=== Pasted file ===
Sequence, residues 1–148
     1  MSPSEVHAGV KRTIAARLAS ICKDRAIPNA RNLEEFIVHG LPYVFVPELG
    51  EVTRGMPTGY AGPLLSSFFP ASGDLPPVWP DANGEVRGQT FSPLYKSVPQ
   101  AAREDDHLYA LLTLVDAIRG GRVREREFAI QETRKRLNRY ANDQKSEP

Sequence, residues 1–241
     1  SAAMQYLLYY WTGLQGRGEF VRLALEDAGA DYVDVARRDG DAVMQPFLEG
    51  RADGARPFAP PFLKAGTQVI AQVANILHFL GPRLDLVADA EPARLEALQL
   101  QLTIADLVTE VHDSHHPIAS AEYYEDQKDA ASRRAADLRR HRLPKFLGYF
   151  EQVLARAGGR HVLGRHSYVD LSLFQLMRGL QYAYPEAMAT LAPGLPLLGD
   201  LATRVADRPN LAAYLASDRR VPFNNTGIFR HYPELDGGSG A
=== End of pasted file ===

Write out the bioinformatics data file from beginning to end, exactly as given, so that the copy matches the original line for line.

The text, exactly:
Sequence, residues 1–148
     1  MSPSEVHAGV KRTIAARLAS ICKDRAIPNA RNLEEFIVHG LPYVFVPELG
    51  EVTRGMPTGY AGPLLSSFFP ASGDLPPVWP DANGEVRGQT FSPLYKSVPQ
   101  AAREDDHLYA LLTLVDAIRG GRVREREFAI QETRKRLNRY ANDQKSEP

Sequence, residues 1–241
     1  SAAMQYLLYY WTGLQGRGEF VRLALEDAGA DYVDVARRDG DAVMQPFLEG
    51  RADGARPFAP PFLKAGTQVI AQVANILHFL GPRLDLVADA EPARLEALQL
   101  QLTIADLVTE VHDSHHPIAS AEYYEDQKDA ASRRAADLRR HRLPKFLGYF
   151  EQVLARAGGR HVLGRHSYVD LSLFQLMRGL QYAYPEAMAT LAPGLPLLGD
   201  LATRVADRPN LAAYLASDRR VPFNNTGIFR HYPELDGGSG A